abc36

Doncaster presents some interesting musical moments, too. The drone of the D for Doncaster begins when Japp, in Poirot’s sitting room, contemplates the St Leger as a complication of plans. When Cust enters the train to travel to Doncaster with the rest of the crew, we hear a “A-B… C-D”! And when everyone arrives in town together, sure enough, the key is switched to D minor.

I just want to hug the composer at this point. But moving along.  🙂

One of the most intriguing sections, musically, is when the crowds are congregated at the St Leger, and we see our various characters standing at their posts while Poirot parks somewhere to employ the grey cells. The music starts in A minor, and slowly modulates up by half steps through various keys, so that we get the B minor and C minor moments of earlier crimes as Poirot sits and thinks about them. This is also interspersed with Poirot’s own “regular” G minor theme. And just when he starts to get his revelation, what happens but a determined, final resolve to D minor!

abc42

We first hear the theme in F minor (I think) when Poirot is sitting and thinking about what will happen at Doncaster. Poirot’s denouement begins in his standard G minor, but when he gets to the part of his story where Cust meets the murderer over dominoes, the F minor key returns for the “ABC” theme. This is interesting– F for Franklin, perhaps? The reveal of the murderer takes us back to the original A minor, while the chase scene progresses through Ab minor, D minor, and F minor before returning to A minor. Franklin Clark is finally taken away by the police on a strong drone of F!!

Fascinating stuff!

Curtain: Why Hastings really dashes back upstairs.

***Spoilers, but if you’ve been here before, you know that! Watch Curtain already!  😛 ***

Anyway.

You know the scene where Elizabeth Cole is playing Chopin’s Raindrop Prelude right after Hastings has had his final chat with Poirot? Hastings walks in on her; she stops playing when she sees him; Hastings has a few moments of pause, then dashes back upstairs to find his friend dead in bed.

curtain39

What exactly is it that triggers the dash upstairs? Instinct? The simple fact that the music has stopped dead is what immediately leaps to the eye (or ear), and that is an important part of it. But there’s another component that is more pointed.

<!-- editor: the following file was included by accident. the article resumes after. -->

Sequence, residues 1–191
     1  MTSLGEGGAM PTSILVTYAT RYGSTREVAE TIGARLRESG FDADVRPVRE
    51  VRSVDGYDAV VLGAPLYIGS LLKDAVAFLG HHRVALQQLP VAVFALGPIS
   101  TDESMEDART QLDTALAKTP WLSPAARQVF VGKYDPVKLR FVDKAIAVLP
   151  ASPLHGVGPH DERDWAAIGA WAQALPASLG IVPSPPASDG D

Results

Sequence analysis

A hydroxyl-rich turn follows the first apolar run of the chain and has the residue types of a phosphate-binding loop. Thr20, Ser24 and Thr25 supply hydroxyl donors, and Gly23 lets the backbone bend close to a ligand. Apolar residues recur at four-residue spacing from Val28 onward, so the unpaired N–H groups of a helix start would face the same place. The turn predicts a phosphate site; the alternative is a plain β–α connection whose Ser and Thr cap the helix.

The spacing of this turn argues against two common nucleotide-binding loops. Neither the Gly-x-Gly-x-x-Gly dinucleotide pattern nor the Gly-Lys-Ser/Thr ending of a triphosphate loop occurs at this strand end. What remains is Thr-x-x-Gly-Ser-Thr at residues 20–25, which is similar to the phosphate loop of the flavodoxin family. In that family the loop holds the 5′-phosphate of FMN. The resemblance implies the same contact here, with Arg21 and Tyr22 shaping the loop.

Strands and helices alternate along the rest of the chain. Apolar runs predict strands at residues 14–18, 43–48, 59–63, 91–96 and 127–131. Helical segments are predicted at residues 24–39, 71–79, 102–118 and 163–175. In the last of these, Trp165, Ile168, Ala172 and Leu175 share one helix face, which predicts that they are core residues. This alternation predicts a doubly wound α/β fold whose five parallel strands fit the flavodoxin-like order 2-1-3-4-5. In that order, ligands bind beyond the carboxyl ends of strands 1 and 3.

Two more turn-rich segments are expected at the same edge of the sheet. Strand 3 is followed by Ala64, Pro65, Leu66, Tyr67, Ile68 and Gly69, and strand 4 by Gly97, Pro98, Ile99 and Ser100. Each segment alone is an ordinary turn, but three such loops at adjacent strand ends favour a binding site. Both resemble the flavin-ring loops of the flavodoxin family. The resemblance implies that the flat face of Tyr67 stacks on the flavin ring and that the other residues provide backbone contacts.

hastingschar4

“La musique cesse.” Charcoal sketch on paper.

The fact is that this scene exactly parallels the scene where Hastings first meets Poirot again there at Styles, all those years later, at the beginning of the episode. Elizabeth Cole is sitting at the piano, playing the very same piece. Hastings opens the drawing room door, and there is his friend. Poirot turns to face him, and as he opens his mouth in greeting…

The music stops. And Poirot speaks: “Hastings?”

curtain26

The reason, I humbly and speculatively propose, that Hastings stands there awkwardly at the drawing room door when he opens it on the day of Poirot’s death, is that he feels déjà vu, as though he’s waiting for something to happen. And something does happen. Once again, the music stops. Once again, he hears his name: “Captain Hastings?” But it is not Poirot who greets him. That’s when it occurs to him that there is only one difference in the two scenes: Poirot is gone.

Poirot is gone. And when he realizes this, it is then that he rushes upstairs again to see if it is true… and it is.

Hastings returns to the drawing room to ruminate in grief with his daughter, Judith, afterwards.

 

 

Compilation: The best of “Hastings snark”

Hastings isn’t the snarkiest of characters in the Poirot canon, particularly in the series. In the books, it is true, we can hear every last annoyed thought that passes through his head, but in general, we regard him as an unusually good-natured character. In fact, surely a large part of our admiration for him is the incomprehensible fact that he doesn’t smack Poirot in the face on a daily basis.

Clive Exton (and others) gave Hugh Fraser some wonderful zingers from time to time, however, all the more delightful for their comparative rarity and memorable delivery. Here’s a collection of some of my favorites. Sorry if I missed yours; no time to re-watch all the episodes.  😉

*****

Poirot: “Hastings, a favour… Whatever I should say, you will nod in agreement.”
Hastings: “Did I ever do otherwise, Poirot?”

-Dumb Witness

Both delightfully self-depricating and self-referential.

Both delightfully self-depricating and self-referential.

Maid: “I beg your pardon, sir?”
Hastings: “What colour were they, if you can remember?”
Maid: “Mr. Loewen’s trousers, sir?”
Hastings: “Well, I know it’s a rather odd question, but a rather odd person would like to know.”

-The Disappearance of Mr. Davenheim

This script gets all the cookies. Forever.

This script gets all the cookies. Forever.

(Extensive damage to Hastings’ car, caused by murderer, is surveyed)
Hastings: “Hanging’s too good for some people.”